took the wraps off of its latest smartphone, the Samsung Galaxy S III
, at an event in London. The device sports a 4.8-inch HD Super AMOLED display with a 0.01ms response time, Android 4.0 ICS, 8MP rear camera with LED flash, front-facing 1.9MP camera, and a quad-core processor. There will be three storage options: 16GB, 32GB, and 64GB, with a microSD slot for up to 64GB of additional space.
For connectivity, the Galaxy S III has 3G and 4G LTE capabilities, as well as WiFi (with WiFi channel bonding for better speeds), Bluetooth 4.0, NFC, and GPS/GLONASS. In all, there are six sensors: Accelerometer, RGB light, Digital compass, Proximity, Gyroscope, and Barometer.
The hardware is definitely solid, but for Samsung, it appears to take a backseat to the many software features on board.
For starters, the phone learns to recognize the user’s face, motions, and voice. The Smart Stay feature keeps the phone’s display bright and awake by using the front camera to detect your face. S Voice enables the user to control aspects of the device with voice commands, such as searching, basic controls, and fun and useful functions such as “snooze”. S Voice works with motion sensors to make using the phone easy; the example Samsung gives is bringing the phone to your ear and saying “direct call” to dial someone you were in the middle of texting.
The zero-lag camera shutter combines with the burst feature to take up to 3.3 shots per second. The phone then automatically selects the “best” photo of the bunch; it also zooms in on faces with a double-tap, can sort photos based on who’s in them (i.e., your family).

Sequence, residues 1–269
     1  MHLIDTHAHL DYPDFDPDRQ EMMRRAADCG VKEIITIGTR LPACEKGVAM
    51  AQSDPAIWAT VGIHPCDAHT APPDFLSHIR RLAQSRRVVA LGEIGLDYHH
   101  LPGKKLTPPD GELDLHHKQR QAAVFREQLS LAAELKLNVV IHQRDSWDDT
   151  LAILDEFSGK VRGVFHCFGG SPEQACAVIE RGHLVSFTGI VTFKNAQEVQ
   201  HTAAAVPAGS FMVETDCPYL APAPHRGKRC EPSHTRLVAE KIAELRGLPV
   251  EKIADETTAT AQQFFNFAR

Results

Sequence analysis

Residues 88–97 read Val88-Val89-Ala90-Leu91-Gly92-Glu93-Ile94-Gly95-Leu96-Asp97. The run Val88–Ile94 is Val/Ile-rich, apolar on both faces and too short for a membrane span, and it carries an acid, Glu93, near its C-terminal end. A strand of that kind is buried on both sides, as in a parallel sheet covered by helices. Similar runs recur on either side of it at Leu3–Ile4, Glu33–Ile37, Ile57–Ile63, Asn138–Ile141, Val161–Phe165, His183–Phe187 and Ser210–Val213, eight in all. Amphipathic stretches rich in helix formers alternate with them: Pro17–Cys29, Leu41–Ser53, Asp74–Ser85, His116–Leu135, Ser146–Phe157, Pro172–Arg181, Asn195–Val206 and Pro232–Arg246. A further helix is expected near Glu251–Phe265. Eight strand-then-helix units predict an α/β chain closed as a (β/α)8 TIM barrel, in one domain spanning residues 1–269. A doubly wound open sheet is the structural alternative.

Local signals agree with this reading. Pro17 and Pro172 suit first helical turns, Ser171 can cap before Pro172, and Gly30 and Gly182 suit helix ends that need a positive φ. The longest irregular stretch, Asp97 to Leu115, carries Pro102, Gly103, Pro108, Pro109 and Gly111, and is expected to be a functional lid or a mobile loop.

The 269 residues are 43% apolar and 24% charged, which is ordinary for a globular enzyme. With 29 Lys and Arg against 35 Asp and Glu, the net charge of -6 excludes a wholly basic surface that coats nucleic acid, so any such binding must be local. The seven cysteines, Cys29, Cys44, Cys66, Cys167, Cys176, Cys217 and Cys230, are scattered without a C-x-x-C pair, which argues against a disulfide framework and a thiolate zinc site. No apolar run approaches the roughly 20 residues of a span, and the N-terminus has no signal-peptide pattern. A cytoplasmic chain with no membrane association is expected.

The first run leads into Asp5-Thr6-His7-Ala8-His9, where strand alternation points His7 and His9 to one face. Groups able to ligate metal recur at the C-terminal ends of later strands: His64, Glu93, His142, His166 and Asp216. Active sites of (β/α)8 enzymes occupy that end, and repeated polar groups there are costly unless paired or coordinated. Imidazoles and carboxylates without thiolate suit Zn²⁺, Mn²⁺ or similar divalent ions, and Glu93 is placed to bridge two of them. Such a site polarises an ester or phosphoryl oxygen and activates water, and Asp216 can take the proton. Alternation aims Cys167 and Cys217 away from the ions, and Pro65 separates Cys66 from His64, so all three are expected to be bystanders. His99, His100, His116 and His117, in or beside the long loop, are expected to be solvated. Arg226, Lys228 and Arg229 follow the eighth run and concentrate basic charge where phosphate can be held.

Sharing is streamlined; for example, with S Beam, users can bond with another Galaxy S III user and share data easily. With AllShare Cast and a dongle, users can share with any HDMI-enabled device.
To stream your own data from any Internet-connected and DLNA-enabled device, you can use the AllShare Play feature. Samsung is clearly eyeing AllShare Play as a killer feature down the road, as the company will be releasing SDKs and APIs for third-party development.
One interesting feature is Pop-up Play, which allows users to, for example, interrupt a video to search for something online--without killing the video. Instead, the media will minimize to a small window on the screen but continue running.
Samsung hasn’t ignored the enterprise with the Galaxy S III; the phone boasts increased support for enterprise mobility and security, mobile device management, and mobile virtualization, in addition to on-device encryption options.
Accessories will include a flip cover to protect the screen, docking stations for the desktop and car, battery charging stand, wireless charging kit, the aforementioned dongle, and an HDTV adapter (sold separately).
The Samsung Galaxy S III will come in Pebble Blue or Marble White and will be available starting May 29th.